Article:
SHAKER HEIGHTS – In walks Jae Williams as he carries a basket full of red flowers. The room is silent while he softly places the basket on a stage. Seconds later, he removes a flower. Williams turns and looks at the audience.
“She got flowers today,” he starts. “It wasn’t a special day, it wasn’t her birthday, or any holiday.” Slowly, he paces the floor as he clings to the flower. “Last night he yelled at her and he pushed her, but he really didn’t mean to.”
Williams puts the flower down. He then walks to the basket, and once again, takes a flower. He begins his next line: “She got flowers today.” The reason this time, he explains, is because she was punched the night before.
The poem continues until Williams arrives at the last stanza: “Today, she got plenty of flowers. They were everywhere. People came from near and far,” he tells the audience. “If only she had done something, perhaps called someone. But if she called somebody, they would have told everything about her and she would have no place to live. She would have no money. This is the day of her funeral.”
Williams, who is Director of Youth Ministries for First Baptist Church of Greater Cleveland, was invited to share his poem at First Baptist’s 7th annual Domestic Violence Awareness Fundraiser on Friday, October 17. The gathering took place in the church’s Spahr Center, and dozens were in attendance. Sharon Anderson, FBC’s Director of Arts Outreach, was the event’s coordinator.
“The fundraiser increases people’s awareness of the need, and we supply a lot of information of: If you hear this going on with your neighbor, don’t be silent. Call somebody, because it could be a matter of somebody’s life for heaven’s sake,” said Anderson.
She collaborated with Adam Whiting, Staff Accompanist from the Cleveland Institute of Music; Karen Gordon, Justice System Advocate for the Domestic Violence & Child Advocacy Center; and Dr. Angela Isom, Director of the Henry Johnson Center to present the annual event, which was free and open to the public.
Funds were raised through a baking competition that night, in which guests used financial donations to vote for their favorite baked good. Donations were also received from FBC’s children’s ministry. Each year, $500 – $700 in funds have been raised at the event to benefit the Domestic Violence & Child Advocacy Center.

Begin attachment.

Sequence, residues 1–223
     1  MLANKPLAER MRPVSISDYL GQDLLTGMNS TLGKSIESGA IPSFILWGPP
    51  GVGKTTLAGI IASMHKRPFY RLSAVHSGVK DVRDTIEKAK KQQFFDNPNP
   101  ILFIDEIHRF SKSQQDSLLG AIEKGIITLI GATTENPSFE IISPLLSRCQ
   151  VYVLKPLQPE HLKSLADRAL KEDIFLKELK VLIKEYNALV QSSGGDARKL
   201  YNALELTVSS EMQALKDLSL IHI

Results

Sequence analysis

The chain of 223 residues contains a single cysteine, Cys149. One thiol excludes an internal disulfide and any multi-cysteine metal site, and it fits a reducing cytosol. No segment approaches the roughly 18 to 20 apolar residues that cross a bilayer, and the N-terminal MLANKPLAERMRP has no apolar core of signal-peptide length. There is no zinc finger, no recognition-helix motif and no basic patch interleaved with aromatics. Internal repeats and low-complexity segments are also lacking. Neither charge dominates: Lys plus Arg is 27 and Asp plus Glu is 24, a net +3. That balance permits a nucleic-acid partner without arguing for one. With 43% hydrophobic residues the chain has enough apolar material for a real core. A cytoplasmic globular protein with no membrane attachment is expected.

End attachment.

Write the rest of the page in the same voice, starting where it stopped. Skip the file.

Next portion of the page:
In addition, guests donated cell phones at Friday’s gathering. “We have a constant drive going on to collect cell phones,” Anderson said. “A lot of the women who are in abusive situations cannot use their own cell phones to make 911 calls. To be able to do this, they need an anonymous phone.”
Dr. Isom from the Henry Johnson Center – a Cleveland-based ministry dedicated to helping young women get back on their feet – shared a personal cell phone experience that happened in an abusive relationship several years ago.
“Everywhere I went, my phone would ring. I’ll never forget one day, I was at church and it was a 6 p.m. – 7:30 p.m. service. He called me at 7:32 p.m. and cussed me out,” said Isom. “He said, ‘Church ended at 7:30. Where are you?’ That is unacceptable.”
Isom continued: “Verbal abuse is domestic violence. Emotional abuse is domestic violence. Controlling [behavior] is domestic violence,” she said. “We’ll have someone come in the office and say, ‘At least I don’t beat her.’ But you told her she was ugly, fat, and the last thing on earth you really wanted, but she’s lucky you’re with her.”
Musical entertainment was provided by the quartet known as Great Lakes Light Opera. The company’s Executive Director, Megan Thompson, said her group was asked by Adam Whiting to sing at First Baptist’s domestic violence fundraiser, and they were more than willing to do so.
For Thompson, however, domestic violence hits close to home.
“The entire event really means a lot to me personally. I’ve actually been very fortunate that while in abusive situations, I would have enough support to get out immediately,” said Thompson as she started to tear up. “I have had friends who didn’t.”
FBC is a “Purple Pulpit Program” Partner, meaning that it’s a place where domestic violence victims can go for referrals to community resources. The church is committed to educating the public about the many facets of abuse.
“People ask, ‘why doesn’t she leave?” Anderson said to the audience. “And it’s because he’ll tell her everything’s going to be okay. And it doesn’t turn out that way. He’ll threaten to kill himself. He’ll threaten to kill her mother. He’ll threaten to kill the dog. He’ll threaten to kill the children. It’s very important to strengthen women and to have them have an escape.”